Lain Jager is a highly experienced professional in New Zealand primary industries with vast experience in the food and fibre sector, including a long tenure as CEO of kiwifruit marketer Zespri from 2008 to 2017.

His appointment is in line with Carrfields’ strategy to boost investment into its food and fibre divisions, says Craig Carr, managing director of Carrfields Ltd.

“Lain’s appointment as a director of Carrfields is tremendously exciting. We are now at a critical time for New Zealand’s primary sector, with our country poised to become a leading innovator in food and natural fibre production which will help address some of the biggest issues facing the world,” he says. . . 


Rural round-up

11/04/2015

Big jump in number of agriculture students:

Beef and Lamb New Zealand is welcoming an increase in enrolments in agricultural courses at Massey and Lincoln universities as a sign that more school leavers are considering careers in the primary sector.

Massey University has had its biggest intake into agricultural courses for at least 25 years, with almost 190 first year students enrolling in the compulsory Plants in Agriculture class.

Lincoln University’s Bachelor of Agricultural Science and Diploma in Agriculture programmes both attracted 20 percent more enrolments than last year, and enrolments have doubled for the new Bachelor of Agribusiness and Food Marketing and the Master of Science in Food Innovation programmes. . .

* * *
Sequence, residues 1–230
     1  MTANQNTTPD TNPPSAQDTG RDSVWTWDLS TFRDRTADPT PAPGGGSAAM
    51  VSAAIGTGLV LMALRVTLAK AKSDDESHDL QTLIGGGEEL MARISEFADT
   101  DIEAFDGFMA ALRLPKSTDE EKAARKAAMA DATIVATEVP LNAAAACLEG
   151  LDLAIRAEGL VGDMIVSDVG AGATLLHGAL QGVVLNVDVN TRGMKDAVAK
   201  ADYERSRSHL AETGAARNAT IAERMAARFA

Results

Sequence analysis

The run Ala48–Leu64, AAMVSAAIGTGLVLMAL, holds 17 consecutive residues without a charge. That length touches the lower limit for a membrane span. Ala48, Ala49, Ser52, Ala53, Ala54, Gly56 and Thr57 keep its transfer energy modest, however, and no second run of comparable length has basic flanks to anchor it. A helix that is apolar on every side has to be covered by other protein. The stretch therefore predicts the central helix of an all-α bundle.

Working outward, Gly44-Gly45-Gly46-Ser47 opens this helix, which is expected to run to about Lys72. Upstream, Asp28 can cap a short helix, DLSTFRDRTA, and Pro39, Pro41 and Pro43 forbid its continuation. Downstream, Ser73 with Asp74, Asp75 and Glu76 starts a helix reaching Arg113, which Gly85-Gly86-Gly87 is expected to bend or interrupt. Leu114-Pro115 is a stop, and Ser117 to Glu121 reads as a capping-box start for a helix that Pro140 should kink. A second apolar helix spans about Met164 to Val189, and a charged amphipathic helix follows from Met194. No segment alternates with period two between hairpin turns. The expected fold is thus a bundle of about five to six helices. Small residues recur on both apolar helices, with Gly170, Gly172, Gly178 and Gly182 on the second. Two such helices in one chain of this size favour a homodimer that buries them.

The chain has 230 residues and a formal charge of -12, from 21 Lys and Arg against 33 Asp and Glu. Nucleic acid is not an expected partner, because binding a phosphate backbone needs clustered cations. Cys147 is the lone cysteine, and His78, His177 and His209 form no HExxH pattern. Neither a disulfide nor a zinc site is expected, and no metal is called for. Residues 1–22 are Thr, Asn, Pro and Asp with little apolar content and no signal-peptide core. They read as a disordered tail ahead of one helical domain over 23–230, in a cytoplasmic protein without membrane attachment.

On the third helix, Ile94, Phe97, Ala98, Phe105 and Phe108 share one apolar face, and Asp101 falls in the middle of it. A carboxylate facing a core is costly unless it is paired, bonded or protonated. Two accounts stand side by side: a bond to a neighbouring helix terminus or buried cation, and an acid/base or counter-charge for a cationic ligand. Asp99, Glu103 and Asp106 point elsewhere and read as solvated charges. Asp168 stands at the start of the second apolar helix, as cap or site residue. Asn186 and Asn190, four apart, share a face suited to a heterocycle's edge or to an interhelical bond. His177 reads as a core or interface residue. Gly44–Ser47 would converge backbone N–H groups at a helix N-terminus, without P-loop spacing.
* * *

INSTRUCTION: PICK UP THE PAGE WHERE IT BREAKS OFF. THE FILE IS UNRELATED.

Motivated dairy couple aim high – Gerard Hutching:

Matt and Tracey Honeysett are hoping it will be third time lucky when the national sharemilker/equity farmer of the year category is decided later this year.

In 2009 the couple won the Hawke’s Bay/Wairarapa farm manager of the year title, and this year the Hawke’s Bay/Wairarapa sharemilker/equity farmers of the year, milking 1200 kiwi cross cows for the Pahautea Ltd Partnership. 

The farm is 420 effective hectares, with 266 ha support.

It is the fourth time they have entered the dairy awards. . .

Mastitis, antibiotics and milk – Milk Maid Marian:

Why do we use antibiotics on our farm? Very simply, because despite everything we do to look after their well being, cows, just like people, sometimes fall ill and need antibiotics to get better.

It’s very rare that any of our 260 milking cows become lame with an infection while digestive problems are almost unheard of here and, in any case, do not require antibiotics.

The number one illness we treat on our farm is mastitis. If you’ve breastfed a baby yourself, there’s a fair chance you’ve experienced mastitis. In both cows and women, the symptoms include swelling, warmth and redness for light cases. Nasty cases bring flu-like symptoms that, in cows, can progress to become extremely serious. . .

Rural women and olive oil – what a great mix! And it all came about over a cup of coffee:

Where to house the new community olive press was the big topic of conversation when Gendie Somerville-Ryan, President of Awana Rural Women on Great Barrier Island, met Carol and Trevor Rendle of Barrier Olive Growers Ltd for coffee. Awana Rural Women, a branch of Rural Women NZ, owns its own premises – a hall and a garage. The garage was undergoing a major upgrade and would make the perfect place for the olive press. All it took was a cup of coffee and a chat and the olive press had a new home.